How One Freelance Writer Earned More With Better English

Carol Tice

Freelance writer improves her incomeBy Jovell Alingod

“Am I good enough?”

I don’t know how many times this question has run through my head since the day I decided to become a freelance writer. This self-doubt stems from the fact that English is my second language and my first writing jobs mostly involved article spinning and rewriting.

But my desire to make a living writing was greater than this limiting belief.

I realized I had to make a choice. I could be happy with the kind of writing projects coming my way — mostly, original articles for $5. Or I could improve my English writing skills and earn more.

I chose the latter. Even though I knew it wouldn’t be easy.

Turns out that’s been one of the best decisions I’ve made for my career.

My results include:

Here’s how you can do it, too.

Go back to basics

This may sound boring, but the fact remains that the basics our English teachers taught us — grammar, proper word usage, vocabulary improvement, and spelling — are the first technical elements of good English writing.

For starters, review your grammar books. If you don’t have them anymore, I recommend “The Elements of Style” by William Strunk, Jr., and E.B. White.

To improve your vocabulary, spelling, and word usage, you can learn A.W.A.D (a word a day). If you do this, you’ll have 365 more English words added to your personal word bank!

Have eagle eyes and bat ears

Another way to improve your English language skills is by closely examining it. You can keep tabs by reading and listening to how native speakers talk. If you get the chance to interact with them in person, do so. If not, take the time to watch English movies and TV shows.

If you can get an editor’s feedback about your work, then listen to their advice. Most of them have read and revised hundreds of articles, and they know what works and what doesn’t.

You might have heard this before, but I’ll say it again — read widely in English. Take note of expressions or unfamiliar phrases and find out their meanings.

You need to be sharp to notice the nuances in the English language.

Think in English

Becoming a good writer takes practice. And a great way to take your practice further is to think in English. This way your brain gets accustomed to using the language more.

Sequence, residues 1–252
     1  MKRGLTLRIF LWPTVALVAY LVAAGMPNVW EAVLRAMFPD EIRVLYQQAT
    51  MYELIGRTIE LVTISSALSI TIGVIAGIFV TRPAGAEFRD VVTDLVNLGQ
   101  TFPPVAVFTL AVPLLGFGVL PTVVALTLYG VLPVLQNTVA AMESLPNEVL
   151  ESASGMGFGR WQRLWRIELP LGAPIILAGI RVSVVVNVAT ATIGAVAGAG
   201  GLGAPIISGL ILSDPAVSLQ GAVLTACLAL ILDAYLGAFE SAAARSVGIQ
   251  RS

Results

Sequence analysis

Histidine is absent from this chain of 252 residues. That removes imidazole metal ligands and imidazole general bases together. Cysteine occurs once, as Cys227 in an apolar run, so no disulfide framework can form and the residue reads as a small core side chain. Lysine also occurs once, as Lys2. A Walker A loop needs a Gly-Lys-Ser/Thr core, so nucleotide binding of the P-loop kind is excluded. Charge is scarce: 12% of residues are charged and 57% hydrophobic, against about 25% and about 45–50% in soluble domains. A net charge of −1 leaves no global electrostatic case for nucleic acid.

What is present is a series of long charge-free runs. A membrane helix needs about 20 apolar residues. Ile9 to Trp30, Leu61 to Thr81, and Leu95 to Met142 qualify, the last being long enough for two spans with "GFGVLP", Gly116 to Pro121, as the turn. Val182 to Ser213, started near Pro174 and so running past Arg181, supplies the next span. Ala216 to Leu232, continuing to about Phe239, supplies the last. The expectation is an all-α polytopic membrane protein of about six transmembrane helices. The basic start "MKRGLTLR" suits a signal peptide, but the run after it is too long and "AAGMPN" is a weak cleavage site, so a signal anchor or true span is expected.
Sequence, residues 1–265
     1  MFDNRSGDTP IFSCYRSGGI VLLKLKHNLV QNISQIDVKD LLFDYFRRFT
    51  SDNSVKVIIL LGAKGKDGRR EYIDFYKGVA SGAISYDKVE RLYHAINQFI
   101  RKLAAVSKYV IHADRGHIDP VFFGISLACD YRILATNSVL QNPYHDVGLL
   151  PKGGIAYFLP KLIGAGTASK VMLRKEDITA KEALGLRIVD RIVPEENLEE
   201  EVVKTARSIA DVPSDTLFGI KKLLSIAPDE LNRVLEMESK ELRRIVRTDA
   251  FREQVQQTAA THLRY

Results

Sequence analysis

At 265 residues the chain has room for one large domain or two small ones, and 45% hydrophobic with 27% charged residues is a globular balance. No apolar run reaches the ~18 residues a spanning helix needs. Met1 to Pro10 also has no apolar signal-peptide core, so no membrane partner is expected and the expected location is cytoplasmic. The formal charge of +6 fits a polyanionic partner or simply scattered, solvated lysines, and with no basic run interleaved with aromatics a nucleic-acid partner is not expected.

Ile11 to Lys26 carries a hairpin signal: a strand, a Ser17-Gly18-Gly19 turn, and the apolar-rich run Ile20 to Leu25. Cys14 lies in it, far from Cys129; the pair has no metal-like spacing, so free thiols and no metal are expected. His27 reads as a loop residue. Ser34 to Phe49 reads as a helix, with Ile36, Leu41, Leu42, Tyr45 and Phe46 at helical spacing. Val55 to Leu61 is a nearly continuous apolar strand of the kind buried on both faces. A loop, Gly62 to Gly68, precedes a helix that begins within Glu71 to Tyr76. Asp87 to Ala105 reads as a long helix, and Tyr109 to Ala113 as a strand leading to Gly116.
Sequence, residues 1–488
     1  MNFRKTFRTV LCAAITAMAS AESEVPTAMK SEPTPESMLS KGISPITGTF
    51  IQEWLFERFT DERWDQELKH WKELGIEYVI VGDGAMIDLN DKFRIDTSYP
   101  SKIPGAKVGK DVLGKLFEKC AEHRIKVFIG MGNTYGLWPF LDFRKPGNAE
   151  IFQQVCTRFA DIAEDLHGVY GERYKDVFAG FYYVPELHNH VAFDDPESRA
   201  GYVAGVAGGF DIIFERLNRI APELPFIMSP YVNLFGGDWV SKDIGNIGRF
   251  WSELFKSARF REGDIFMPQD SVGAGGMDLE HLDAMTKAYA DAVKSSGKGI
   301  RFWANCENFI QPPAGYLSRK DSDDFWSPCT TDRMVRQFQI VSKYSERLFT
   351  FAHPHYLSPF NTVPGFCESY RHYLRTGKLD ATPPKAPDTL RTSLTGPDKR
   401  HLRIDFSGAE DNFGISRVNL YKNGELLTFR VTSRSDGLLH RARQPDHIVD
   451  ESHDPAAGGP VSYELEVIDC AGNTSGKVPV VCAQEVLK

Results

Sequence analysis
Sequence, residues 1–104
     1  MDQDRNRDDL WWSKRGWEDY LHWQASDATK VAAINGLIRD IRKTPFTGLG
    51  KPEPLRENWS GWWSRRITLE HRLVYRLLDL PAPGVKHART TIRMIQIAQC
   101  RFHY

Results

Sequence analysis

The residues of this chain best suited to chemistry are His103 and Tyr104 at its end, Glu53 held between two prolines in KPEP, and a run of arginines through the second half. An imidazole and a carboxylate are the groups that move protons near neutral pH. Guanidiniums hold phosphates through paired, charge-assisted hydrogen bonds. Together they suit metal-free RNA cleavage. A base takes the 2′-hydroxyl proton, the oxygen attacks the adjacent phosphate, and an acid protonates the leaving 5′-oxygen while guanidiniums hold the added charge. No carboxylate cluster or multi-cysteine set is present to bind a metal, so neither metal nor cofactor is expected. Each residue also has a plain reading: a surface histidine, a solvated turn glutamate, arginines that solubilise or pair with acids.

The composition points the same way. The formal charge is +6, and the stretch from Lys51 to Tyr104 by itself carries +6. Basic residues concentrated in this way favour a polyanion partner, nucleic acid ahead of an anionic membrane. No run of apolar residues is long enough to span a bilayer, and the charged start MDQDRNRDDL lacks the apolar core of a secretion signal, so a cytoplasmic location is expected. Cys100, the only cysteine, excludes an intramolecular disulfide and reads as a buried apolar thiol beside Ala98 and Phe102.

My English isn’t perfect, but it’s much better now. One client was so happy with the content I wrote for him, he gave me a position with a four-fold pay increase!

I haven’t stopped learning yet, though, because there’s still so much to learn about writing.

How have you improved your writing skills? Tell us in the comments.

Jovell Alingod is a freelance writer helping businesses create helpful content for the web.

Related: How to make money writing



  1. Crissie

    Hi, Carol:

    You have an indisputably valid point that concise statements in correct grammatical format will probably never become “dead letter” English language.

    However, as the Neilson-Norman Group research report link below reveals, some modification is indicated for Web-based English text. See:

    “Break Grammar Rules on Websites for Clarity”

    by HOA LORANGER on March 23, 2014

    Summary: Web writing differs from print writing to emphasize scannability. Some grammar rules are worth breaking if they improve fast comprehension.

    What’s your “take” on the new scoop about this emergent school of English literary thought?

    • Carol Tice

      Crissie, blogging more resembles copywriting, which breaks grammar rules. Hope that clarifies.

  2. Tanya

    Its so important to keep learning new things. Grammar included! I could use some help in that area myself 🙂

    • Jovell

      Learning new things is addictive.Good thing great resources are easier to access now because of the internet. Try out the book I mentioned in the post Tanya. 🙂

  3. Peter D. Mallett

    Hi Jovell (and Carol),
    I haven’t been reading this blog as much in the last month and I am catching up on posts. I had to leave a comment because this post was so encouraging.

    I’ve seen posts where the English is not correct in a few places. It may be in only 4 or 5 places in an entire post that is well done otherwise. It does stick out though. I hesitate sometimes to share a post with good information, but several mistakes I wonder if someone will think I didn’t notice them.

    I admire your desire to improve. And also for being willing to write about your experiences to encourage others.

    • Jovell

      Thank you Peter. And your comment means a lot to me. Appreciation is one thing that’s not that abundant in the freelance industry so receiving even a tiny bit is a cause for celebration.


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